The materials, manufacturing methods and machinery used in producing nanomaterials for IT and electronic applications are examined.


Process engineers working in EUV lithography process development, photomask engineers working on EUV masks, and lithography equipment engineers working on the development and evaluation of exposure tools may find this report of interest.


Nanofabrication equipment has been used to create integrated circuits in the 65nm to 45nm range, and companies are now moving to manufacturing computer chips and memory chips in the 32nm range.

In 2008, nanofabrication apparatus enabled semiconductor manufacturers to transform more than $11.4 billion worth of silicon wafer material into more than $425 billion worth of semiconductor, photonic, opto-electonic and MEMS material devices for use in computers and electronic devices, which in turn constituted a global market valued in excess of $1.38 trillion dollars, plus related services valued at $5 trillion dollars globally.

Semiconductor and electronics manufacturers spent roughly $80 billion in 2007 and $74 billion in 2008 for silicon wafers, materials and equipment which allowed them to manufacture integrated circuits at scales to 45nm, and they are now beginning to buy equipment to manufacture integrated circuits at the scales of 32nm and 22nm.

The overall market for wafers and nanofabrication equipment is expected to grow at nearly 10% a year for the next five years and grow from an estimated $65.8 billion in 2009 to $105.6 billion in 2014.

Companies involved in nanofabrication materials, apparatus, metrology and testing for the IT and electronics industry had sales in excess of $80.013 billion in 2007 and more than $73.558 billion in 2008, reflecting the worldwide economic downturn.

Research and development (R&D) spending for improved nanofabrication techniques and equipment exceeds $7 billion a year at the corporate level. Research and development of manufacturing equipment for 45nm technology for semiconductors, which began in 2003, is now the manufacturing standard, and the new standard under development is 32nm architecture, beginning to be implemented in 2009. Each reduction in size results in more powerful microprocessors, memory chips and silicon-based solar power collectors, in which creates new demands. Lithography, including masks and resist, and associated metrology currently comprises 30% to 40% of the entire cost of semiconductor manufacturing. This fraction depends strongly on the product mix, volume of integrated circuits in demand per design, and age of equipment in the factory.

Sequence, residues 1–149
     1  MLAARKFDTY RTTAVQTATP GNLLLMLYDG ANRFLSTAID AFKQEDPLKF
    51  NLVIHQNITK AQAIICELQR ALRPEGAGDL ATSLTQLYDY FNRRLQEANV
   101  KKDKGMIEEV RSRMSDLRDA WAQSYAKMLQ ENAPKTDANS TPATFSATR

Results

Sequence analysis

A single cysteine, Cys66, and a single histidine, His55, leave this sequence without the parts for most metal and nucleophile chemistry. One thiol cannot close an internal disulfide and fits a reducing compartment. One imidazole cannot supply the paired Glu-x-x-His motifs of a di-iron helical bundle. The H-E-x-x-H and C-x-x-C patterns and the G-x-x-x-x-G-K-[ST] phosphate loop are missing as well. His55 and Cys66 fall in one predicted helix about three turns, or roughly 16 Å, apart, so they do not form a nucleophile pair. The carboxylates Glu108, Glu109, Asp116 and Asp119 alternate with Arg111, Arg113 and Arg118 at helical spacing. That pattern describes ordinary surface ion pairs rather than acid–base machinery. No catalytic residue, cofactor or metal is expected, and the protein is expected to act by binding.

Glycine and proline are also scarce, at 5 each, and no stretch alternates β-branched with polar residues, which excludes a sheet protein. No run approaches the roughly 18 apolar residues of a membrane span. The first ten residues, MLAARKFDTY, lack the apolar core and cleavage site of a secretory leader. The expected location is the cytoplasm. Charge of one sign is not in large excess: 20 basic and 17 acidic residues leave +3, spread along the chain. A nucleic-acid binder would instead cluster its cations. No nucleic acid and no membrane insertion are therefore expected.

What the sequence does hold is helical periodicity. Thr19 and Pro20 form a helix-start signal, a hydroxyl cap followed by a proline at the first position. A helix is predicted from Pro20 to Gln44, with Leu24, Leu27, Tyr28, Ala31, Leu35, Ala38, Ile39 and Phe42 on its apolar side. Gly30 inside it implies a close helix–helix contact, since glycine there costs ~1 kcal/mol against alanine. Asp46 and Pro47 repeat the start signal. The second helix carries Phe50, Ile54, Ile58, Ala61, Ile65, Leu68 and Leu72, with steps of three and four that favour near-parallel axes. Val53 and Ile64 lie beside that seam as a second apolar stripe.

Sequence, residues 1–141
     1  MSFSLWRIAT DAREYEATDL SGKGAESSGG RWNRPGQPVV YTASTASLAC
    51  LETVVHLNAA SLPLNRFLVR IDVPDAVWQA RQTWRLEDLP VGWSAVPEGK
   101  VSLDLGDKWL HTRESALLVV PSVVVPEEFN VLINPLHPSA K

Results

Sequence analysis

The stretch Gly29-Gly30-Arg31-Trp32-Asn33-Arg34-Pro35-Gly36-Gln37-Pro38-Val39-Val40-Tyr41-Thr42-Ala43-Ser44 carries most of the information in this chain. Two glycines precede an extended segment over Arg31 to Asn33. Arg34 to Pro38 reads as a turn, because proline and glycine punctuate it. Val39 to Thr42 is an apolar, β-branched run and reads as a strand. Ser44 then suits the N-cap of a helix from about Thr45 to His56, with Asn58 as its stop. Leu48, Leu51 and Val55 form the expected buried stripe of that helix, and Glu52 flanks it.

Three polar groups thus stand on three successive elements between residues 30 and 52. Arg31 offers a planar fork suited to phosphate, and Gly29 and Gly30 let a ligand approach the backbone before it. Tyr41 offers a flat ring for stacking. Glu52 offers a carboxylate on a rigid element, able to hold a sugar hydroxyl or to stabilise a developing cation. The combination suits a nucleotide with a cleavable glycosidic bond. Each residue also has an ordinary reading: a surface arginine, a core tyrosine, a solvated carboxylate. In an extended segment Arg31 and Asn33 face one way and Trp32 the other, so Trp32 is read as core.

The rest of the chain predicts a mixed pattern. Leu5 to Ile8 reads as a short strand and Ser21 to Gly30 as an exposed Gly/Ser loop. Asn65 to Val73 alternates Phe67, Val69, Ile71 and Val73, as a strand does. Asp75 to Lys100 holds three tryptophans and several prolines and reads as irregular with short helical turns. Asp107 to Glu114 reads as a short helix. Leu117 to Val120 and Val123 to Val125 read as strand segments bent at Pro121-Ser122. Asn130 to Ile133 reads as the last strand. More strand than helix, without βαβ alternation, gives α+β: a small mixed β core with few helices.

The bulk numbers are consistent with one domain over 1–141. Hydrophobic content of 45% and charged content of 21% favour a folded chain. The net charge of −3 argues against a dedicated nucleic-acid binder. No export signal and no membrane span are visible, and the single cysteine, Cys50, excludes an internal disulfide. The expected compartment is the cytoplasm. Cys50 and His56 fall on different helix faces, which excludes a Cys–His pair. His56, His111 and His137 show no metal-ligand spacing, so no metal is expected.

The iRAP study identified over 200 companies and institutions involved in as manufacturers and developers as well as researchers. These companies are driving the technology to the next generation of nanofabrication in the semiconductor industry.

Study Goal and Objectives
Reasons for Doing the Study
Contributions of the Study
Scope and Format
Information Sources
Whom the Study Caters To
Author’s Credentials


Summary Table Summary of Global Market for MEMS Oscillators by Market Domain Through 2013 ($ Millions)
Summary Figure Summary of Global Market for MEMS Oscillators by Market Domain Through 2013 ($ Millions)


MEMS Oscillator Basics
Table 1 Comparison of Oscillators by Technologies
Different Structures of MEMS Resonators
Table 2 MEMS Resonator Structures Commercialized in 2008
Performance Parameters of a Typical Oscillator
Table 3 Explanation of Oscillator Performance Parameters
Table 4 Explanation of Oscillator Performance Parameters and Achievable Values in MEMS Oscillators
q Factor of MEMS Oscillators
MEMS Oscillator Electric Ciruit Details
Frequency Trimming Procedures in MEMS Oscillators
Table 5 Comparison of Frequency Trimming Techniques
Laser Trimming
Electronic Frequency Compensation
Fabrication and Integration of Cmos and MEMS Resonators to Create Oscillators
Table 6 Technologies Used by Manufacturers of Surface Mountable, Chip-size Package MEMS Oscillators
Table 7 Explanation of Technical Terms for Packaging Micro-electromechanical Systems Based Oscillators
Table 8 Explanation of Technical Terms for Manufacturing MEMS- Based Oscillators
MEMS Oscillator Product Categories
Clock Oscillators
Table 9 Frequency References in Computer Buses (> 1-133 MHZ)
Table 10 Frequency References in CPU (>1-3600 MHZ)
Table 11 Frequency References Used in Consumer Electronics Products (> 1-500 MHZ)
Clock Generators
Table 12 Desired Frequency Accuracies in Wireless Systems
Table 13 Commonly Used Clock Frequencies
Real-time Clocks
MEMS Oscillator Applications and Markets
Computers and Networking Market Domain
Table 14 Applications of MEMS Oscillators in the Computer and Networking Market Domain
Consumer and Communication Products Market Domain
Table 15 Applications of MEMS Oscillators in Consumer and Communication Prodcuts Market Domain